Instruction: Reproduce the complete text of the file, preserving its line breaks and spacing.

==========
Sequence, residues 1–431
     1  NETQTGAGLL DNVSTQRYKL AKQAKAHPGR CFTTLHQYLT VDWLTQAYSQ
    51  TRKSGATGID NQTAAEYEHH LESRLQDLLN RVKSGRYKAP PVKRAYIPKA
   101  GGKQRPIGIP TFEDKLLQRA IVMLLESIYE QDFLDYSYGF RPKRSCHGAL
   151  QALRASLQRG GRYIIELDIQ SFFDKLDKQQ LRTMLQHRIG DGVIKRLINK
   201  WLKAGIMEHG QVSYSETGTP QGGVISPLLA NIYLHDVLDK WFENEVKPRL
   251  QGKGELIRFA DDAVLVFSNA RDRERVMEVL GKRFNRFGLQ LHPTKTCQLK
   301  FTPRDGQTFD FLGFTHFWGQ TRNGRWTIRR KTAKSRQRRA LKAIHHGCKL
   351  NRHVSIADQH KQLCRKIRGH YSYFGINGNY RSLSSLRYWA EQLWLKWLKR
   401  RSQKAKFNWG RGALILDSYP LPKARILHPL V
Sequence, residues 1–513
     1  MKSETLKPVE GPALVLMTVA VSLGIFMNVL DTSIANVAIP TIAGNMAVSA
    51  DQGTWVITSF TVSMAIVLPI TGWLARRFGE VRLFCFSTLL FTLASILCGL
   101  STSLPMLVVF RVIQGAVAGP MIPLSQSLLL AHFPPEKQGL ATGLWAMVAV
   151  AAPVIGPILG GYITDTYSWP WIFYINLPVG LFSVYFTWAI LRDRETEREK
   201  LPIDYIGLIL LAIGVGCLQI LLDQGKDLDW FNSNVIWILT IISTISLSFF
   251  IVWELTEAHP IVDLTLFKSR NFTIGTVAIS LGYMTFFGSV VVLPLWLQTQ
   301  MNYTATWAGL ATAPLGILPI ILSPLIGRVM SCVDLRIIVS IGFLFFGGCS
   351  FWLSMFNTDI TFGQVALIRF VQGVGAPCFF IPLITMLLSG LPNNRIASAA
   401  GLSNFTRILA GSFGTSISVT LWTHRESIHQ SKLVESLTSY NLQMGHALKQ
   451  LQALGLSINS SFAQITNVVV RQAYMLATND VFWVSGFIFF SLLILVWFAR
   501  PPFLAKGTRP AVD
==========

Sequence, residues 1–431
     1  NETQTGAGLL DNVSTQRYKL AKQAKAHPGR CFTTLHQYLT VDWLTQAYSQ
    51  TRKSGATGID NQTAAEYEHH LESRLQDLLN RVKSGRYKAP PVKRAYIPKA
   101  GGKQRPIGIP TFEDKLLQRA IVMLLESIYE QDFLDYSYGF RPKRSCHGAL
   151  QALRASLQRG GRYIIELDIQ SFFDKLDKQQ LRTMLQHRIG DGVIKRLINK
   201  WLKAGIMEHG QVSYSETGTP QGGVISPLLA NIYLHDVLDK WFENEVKPRL
   251  QGKGELIRFA DDAVLVFSNA RDRERVMEVL GKRFNRFGLQ LHPTKTCQLK
   301  FTPRDGQTFD FLGFTHFWGQ TRNGRWTIRR KTAKSRQRRA LKAIHHGCKL
   351  NRHVSIADQH KQLCRKIRGH YSYFGINGNY RSLSSLRYWA EQLWLKWLKR
   401  RSQKAKFNWG RGALILDSYP LPKARILHPL V
Sequence, residues 1–513
     1  MKSETLKPVE GPALVLMTVA VSLGIFMNVL DTSIANVAIP TIAGNMAVSA
    51  DQGTWVITSF TVSMAIVLPI TGWLARRFGE VRLFCFSTLL FTLASILCGL
   101  STSLPMLVVF RVIQGAVAGP MIPLSQSLLL AHFPPEKQGL ATGLWAMVAV
   151  AAPVIGPILG GYITDTYSWP WIFYINLPVG LFSVYFTWAI LRDRETEREK
   201  LPIDYIGLIL LAIGVGCLQI LLDQGKDLDW FNSNVIWILT IISTISLSFF
   251  IVWELTEAHP IVDLTLFKSR NFTIGTVAIS LGYMTFFGSV VVLPLWLQTQ
   301  MNYTATWAGL ATAPLGILPI ILSPLIGRVM SCVDLRIIVS IGFLFFGGCS
   351  FWLSMFNTDI TFGQVALIRF VQGVGAPCFF IPLITMLLSG LPNNRIASAA
   401  GLSNFTRILA GSFGTSISVT LWTHRESIHQ SKLVESLTSY NLQMGHALKQ
   451  LQALGLSINS SFAQITNVVV RQAYMLATND VFWVSGFIFF SLLILVWFAR
   501  PPFLAKGTRP AVD